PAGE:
Shortcomings of the New Product Vitality Index
The new product vitality index may not always be precise.
The argument has been made that the NPVI does not take into account the full picture of revenue, or more specifically, the interplay between various components of a company’s revenue.
In some cases, it also may not be straightforward settling on what defines a new product. As mentioned previously, opinions can be conflicting on the length of time allowed for a product to be considered new. This, of course, upsets the balance of the calculation as a whole.
The metric is not predictive.
NPVIs can assess (to some degree or another) how a company is performing in terms of its innovation practices. But it’s up to the organization how it utilizes that intelligence to improve those practices.
It’s been observed to decrease the necessary risk-taking that creates innovative products.
One VP of a large corporation explained, “I’ve down-prioritized Product Vitality because it creates perverse incentives. People avoid taking risks because they don’t see how it will show up in the numbers.”
Other leaders report that researchers ‘game the system’ by falsely evaluating projects as “new” so that those projects’ revenue will be included in that calculation of revenue. So what’s meant to serve innovation ultimately places a constrictive pressure on the very practices that are known to support it.
Why the New Product Vitality Index isn't Enough
So while the NPVI is certainly helpful and effective, it shouldn’t be an organization’s sole compass for mapping innovation. Some analysts point out the index's inherent lag time; product vitality returns often take years to accumulate. Depending on industry, technology development cycles are known to take even decades to produce cutting-edge products, implying the Product Vitality Index could fail to reflect innovation happening in the seams of an organization by five or more years.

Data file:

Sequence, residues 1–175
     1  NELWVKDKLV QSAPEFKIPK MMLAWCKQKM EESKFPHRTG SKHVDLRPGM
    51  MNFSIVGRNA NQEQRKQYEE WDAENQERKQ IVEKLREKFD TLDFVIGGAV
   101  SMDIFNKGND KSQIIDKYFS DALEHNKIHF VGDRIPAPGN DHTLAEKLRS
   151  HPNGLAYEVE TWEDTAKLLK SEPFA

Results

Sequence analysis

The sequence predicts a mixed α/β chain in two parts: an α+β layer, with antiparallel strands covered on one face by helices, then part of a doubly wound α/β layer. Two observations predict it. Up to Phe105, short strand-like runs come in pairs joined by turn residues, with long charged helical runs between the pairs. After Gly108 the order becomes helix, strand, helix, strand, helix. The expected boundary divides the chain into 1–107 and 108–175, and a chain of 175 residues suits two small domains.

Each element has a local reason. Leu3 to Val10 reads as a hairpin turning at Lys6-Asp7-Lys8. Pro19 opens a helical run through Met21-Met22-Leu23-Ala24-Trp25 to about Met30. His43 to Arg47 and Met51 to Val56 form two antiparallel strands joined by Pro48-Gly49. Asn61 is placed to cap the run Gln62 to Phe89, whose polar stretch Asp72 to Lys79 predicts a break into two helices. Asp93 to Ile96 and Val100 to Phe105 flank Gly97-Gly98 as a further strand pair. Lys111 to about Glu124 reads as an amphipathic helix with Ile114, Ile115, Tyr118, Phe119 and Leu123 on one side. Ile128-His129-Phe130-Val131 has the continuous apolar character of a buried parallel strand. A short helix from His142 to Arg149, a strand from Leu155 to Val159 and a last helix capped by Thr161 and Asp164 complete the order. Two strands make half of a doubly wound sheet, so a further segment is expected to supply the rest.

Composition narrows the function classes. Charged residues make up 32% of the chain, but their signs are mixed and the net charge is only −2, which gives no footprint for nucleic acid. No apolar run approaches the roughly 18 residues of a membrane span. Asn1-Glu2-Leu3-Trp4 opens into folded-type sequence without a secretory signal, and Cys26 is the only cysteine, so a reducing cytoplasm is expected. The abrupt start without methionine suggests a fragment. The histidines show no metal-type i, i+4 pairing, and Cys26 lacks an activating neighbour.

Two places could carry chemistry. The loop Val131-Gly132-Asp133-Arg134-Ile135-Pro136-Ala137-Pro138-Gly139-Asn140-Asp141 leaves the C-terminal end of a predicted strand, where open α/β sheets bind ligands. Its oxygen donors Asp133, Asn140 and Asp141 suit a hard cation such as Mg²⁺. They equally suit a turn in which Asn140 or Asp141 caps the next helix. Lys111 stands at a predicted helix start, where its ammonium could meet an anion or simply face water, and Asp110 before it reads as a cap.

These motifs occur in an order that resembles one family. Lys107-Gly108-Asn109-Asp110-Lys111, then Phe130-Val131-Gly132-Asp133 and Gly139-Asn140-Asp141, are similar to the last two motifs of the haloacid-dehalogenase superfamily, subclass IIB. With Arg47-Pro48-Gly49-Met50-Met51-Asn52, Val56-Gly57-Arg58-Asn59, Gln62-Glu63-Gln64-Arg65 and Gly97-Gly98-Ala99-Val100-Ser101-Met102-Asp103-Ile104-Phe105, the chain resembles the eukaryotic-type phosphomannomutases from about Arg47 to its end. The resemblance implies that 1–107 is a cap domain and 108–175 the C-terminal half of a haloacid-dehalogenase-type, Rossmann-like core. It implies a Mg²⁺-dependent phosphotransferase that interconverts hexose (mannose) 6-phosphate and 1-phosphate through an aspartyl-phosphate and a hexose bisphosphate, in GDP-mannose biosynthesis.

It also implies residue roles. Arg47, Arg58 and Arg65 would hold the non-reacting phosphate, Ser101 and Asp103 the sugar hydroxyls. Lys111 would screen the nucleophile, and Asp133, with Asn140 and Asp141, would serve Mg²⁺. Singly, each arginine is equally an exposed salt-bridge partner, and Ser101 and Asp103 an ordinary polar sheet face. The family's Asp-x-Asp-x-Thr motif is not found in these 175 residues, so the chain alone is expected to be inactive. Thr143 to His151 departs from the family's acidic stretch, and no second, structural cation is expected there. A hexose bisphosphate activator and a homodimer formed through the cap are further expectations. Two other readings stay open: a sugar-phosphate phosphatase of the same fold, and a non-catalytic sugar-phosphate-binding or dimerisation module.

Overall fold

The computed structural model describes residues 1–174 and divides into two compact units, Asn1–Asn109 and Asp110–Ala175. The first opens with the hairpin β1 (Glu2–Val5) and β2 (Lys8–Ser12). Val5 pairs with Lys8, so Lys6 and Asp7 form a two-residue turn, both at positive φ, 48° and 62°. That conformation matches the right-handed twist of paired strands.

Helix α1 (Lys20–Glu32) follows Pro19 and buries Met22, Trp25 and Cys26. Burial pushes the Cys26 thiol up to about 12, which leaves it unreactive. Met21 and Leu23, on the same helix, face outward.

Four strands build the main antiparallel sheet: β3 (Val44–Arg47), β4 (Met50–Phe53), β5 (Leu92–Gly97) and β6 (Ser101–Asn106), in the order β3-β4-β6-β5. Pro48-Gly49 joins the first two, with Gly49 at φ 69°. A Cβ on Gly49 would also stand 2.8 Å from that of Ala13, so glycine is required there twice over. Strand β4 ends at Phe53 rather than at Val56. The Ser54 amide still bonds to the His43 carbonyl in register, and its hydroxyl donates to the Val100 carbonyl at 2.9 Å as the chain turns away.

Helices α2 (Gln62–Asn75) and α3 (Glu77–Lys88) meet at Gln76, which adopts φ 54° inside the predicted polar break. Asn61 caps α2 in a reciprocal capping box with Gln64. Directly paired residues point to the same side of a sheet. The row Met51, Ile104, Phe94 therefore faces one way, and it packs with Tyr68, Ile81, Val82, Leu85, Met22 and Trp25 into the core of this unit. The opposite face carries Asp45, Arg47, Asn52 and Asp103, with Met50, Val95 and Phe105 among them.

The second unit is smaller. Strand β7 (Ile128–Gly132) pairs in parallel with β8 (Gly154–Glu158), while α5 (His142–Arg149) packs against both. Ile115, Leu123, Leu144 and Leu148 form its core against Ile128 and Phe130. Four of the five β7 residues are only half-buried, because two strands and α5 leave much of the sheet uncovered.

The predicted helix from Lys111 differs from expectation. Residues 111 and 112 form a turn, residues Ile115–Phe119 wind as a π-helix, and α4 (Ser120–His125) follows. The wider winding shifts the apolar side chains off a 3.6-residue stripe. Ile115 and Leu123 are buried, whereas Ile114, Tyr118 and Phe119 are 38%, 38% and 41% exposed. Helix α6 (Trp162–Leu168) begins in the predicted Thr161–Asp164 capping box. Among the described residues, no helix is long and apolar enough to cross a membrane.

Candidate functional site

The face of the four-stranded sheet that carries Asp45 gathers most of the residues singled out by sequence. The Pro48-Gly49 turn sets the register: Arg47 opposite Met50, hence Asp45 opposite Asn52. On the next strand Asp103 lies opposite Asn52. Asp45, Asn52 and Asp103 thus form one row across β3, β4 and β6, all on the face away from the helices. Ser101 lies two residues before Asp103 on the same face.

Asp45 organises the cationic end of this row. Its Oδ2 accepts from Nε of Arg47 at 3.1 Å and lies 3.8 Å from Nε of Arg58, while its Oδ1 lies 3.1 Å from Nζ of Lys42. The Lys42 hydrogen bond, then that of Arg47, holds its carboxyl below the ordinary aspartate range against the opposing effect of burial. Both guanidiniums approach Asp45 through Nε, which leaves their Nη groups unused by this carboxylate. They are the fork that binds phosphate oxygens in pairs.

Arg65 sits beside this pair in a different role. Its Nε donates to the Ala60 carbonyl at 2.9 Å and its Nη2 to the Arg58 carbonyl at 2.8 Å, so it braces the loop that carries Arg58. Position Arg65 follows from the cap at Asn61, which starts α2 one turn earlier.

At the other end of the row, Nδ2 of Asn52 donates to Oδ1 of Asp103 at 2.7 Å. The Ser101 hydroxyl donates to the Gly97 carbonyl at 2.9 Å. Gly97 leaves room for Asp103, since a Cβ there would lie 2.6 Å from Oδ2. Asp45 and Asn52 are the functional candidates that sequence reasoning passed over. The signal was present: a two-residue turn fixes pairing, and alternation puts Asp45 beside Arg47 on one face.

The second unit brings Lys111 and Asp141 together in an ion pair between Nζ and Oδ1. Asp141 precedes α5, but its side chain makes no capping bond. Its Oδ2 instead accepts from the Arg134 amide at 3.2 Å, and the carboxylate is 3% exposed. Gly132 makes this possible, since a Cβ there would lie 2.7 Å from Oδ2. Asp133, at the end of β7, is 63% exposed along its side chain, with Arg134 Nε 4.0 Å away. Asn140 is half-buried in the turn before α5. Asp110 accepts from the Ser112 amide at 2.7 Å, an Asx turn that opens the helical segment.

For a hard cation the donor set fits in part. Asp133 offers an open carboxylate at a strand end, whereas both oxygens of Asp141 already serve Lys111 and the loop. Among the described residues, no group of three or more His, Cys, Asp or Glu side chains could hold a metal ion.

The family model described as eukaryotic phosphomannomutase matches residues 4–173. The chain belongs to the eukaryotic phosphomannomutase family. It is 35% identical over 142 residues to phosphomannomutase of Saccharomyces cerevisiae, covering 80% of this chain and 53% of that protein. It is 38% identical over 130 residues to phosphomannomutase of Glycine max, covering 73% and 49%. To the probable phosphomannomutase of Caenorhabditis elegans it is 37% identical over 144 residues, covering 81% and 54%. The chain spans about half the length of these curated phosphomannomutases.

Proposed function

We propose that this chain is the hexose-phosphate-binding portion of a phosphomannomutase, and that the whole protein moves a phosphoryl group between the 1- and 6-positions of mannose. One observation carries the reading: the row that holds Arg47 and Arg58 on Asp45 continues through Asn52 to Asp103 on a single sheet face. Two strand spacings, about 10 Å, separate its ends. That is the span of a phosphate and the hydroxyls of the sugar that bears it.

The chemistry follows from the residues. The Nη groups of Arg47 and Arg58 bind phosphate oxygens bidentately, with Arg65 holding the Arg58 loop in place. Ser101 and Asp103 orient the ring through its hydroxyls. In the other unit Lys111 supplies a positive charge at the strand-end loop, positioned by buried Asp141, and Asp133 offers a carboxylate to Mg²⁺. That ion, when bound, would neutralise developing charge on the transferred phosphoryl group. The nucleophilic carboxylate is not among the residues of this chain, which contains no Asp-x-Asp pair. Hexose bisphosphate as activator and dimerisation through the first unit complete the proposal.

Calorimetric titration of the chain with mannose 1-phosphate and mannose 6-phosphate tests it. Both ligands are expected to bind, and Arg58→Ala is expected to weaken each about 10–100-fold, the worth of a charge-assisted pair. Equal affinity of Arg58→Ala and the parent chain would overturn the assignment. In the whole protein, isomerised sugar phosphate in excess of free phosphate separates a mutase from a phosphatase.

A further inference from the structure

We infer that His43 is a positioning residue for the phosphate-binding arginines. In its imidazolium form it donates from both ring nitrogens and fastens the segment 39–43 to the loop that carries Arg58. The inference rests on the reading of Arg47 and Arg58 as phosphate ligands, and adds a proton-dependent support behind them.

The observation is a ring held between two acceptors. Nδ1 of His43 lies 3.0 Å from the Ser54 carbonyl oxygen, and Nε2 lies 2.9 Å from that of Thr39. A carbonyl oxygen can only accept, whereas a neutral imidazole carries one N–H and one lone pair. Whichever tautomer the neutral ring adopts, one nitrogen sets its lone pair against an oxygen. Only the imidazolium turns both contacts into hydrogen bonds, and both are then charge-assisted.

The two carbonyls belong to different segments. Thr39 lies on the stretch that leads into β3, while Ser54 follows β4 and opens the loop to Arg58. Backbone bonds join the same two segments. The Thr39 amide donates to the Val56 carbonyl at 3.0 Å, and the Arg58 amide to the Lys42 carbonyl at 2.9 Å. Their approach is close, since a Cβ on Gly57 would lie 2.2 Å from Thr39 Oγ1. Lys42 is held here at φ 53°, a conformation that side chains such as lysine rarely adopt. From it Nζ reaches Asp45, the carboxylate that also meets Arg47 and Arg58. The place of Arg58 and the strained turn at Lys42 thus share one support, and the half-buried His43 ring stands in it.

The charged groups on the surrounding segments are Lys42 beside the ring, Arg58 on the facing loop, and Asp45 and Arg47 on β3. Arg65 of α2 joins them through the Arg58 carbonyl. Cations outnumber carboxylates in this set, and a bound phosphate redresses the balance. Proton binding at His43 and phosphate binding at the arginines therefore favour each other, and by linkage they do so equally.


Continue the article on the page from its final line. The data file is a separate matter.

Take the example of quantum computing: developing that technology took several decades of distributed work (not counting the hundreds of years of preceding applied science) to prove it had any kind of application in the real world—and we haven’t even scratched the surface of what quantum computing could one day achieve. If all that work happened under the oversight of a leader who wanted a “new product” from which to generate revenue, the endeavor would have lost funding long before it could ever begin to see the light of day.
The likelihood of a product being innovative is difficult to isolate in the early stages—stages when decisions are made around how much funding (if any) should be granted. The New Product Vitality Index is unreliable at best (useless at worst) for measuring products in the initial stages of development.
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Other Metrics to Consider when Measuring Innovation